Mockingbirds mimic sounds and songs closeup
Mockingbirds mimic sounds and songs

Mockingbirds mimic an amazing array of sounds. I love “my” mockingbird. The varied songs it sings bring joy to my living room when the door is open. And, the mockingbird is all the more lovable, to me, for its unassuming grey feathers.

For quite a long time I believed it was a mockingbird because it brought the sounds of a war game to my garden. Suddenly there were missiles whistling through the air, followed by the sounds of explosions. This was not my favorite, but it convinced me that if mockingbirds mimic, then the “singer” had got to be a mockingbird.

Just to be sure, I played Dvorak’s New World Symphony, quite loud for several days running. I expected the mimicking bird to go classical. The mockingbird, however, was not the least bit impressed with Dvorak, so missiles continued to whistle then explode in my garden.

Mockingbirds mimic various sounds. Here's a graph of one song.
Mockingbirds mimic various sounds. Here’s a graph of one song.

Here’s a link to a mockingbird singing somewhat like my mockingbird – on a day without war games. The sounds that particularly make me smile are the ones that look like El El El on the graph above. Those and also the ones that sound as if it’s literally singing, “tweet tweet”.

mockingbirds mimic for a lovely array of sounds
mockingbirds mimic a lovely array of sounds

For some reason I thought the mockingbird that was singing such dramatic sounds would have dramatic coloring. I kept looking for a brightly colored bird, something like a little parrot. After all, I had no idea what the bird whose singing kept capturing my attention would look like.

The only bird I saw and didn’t know the name of was a grey bird with a long, curved beak. Surely, I thought, that can’t be the singer that enlivens my garden.

I pored through pictures of mockingbirds on various sites, without finding a single picture that looked exactly like my mockingbird. Though, in the beginning I’d rather fastened on the bird’s bright yellow eyes, the one time I saw it up close.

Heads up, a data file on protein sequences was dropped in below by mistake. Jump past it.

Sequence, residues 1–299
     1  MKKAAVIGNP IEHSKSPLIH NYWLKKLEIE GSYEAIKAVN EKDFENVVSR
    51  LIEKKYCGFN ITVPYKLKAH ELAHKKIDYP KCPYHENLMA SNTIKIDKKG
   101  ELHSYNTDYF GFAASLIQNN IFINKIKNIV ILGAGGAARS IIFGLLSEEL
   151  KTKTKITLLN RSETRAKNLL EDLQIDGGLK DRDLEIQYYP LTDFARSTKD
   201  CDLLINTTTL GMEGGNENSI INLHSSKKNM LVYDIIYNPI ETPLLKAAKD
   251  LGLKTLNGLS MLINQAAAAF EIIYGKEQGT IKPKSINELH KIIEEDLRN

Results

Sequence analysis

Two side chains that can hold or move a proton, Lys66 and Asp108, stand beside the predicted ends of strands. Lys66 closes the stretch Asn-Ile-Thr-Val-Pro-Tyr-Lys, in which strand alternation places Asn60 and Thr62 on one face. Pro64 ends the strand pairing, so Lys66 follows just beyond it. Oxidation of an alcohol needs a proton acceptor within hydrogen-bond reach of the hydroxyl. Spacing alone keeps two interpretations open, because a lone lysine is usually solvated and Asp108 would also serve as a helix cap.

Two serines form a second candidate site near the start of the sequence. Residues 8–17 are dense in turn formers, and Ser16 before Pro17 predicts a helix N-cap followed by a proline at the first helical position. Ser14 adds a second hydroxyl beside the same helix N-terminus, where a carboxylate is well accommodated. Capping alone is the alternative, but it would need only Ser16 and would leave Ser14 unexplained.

I thought it looked so fearsome. It boggled my mind that with those eyes it sang such lovely songs. Just to be clear, in the image above the mockingbird had just enjoyed a shower under the hose set on “flat” to spray my Ponderosa Pine. The picture is a bit blurry because it kept shaking water off its feathers.

I’ve no idea why it’s tail feathers look a bit ragged. It could be the intruder animal in my garden attacked it. I described the animal in a letter to a friend when I was worried about not having seen or heard a mockingbird in several days.

Speaking of my garden, I found a man to help me. He fixed my fence and cut down the huge “branch/trunk” of my pear tree that used to knock violently against my house in high winds. He also takes me to Lowe’s for plants.

Last week when we came back from Lowe’s I came out to the garden a bit after him. When I arrived he announced that there had been a dog in my garden. My eyes widened… I could not imagine how a dog got in to my fenced garden. He said, “I don’t know how it got in your fence.” I said, “Maybe it was a ground squirrel.” He replied, “No, it was a medium sized dog.” I was major puzzled. He said it had been at the back of the garden and had run around to the front of the garden. He paused, and said, “Maybe it was a big cat.”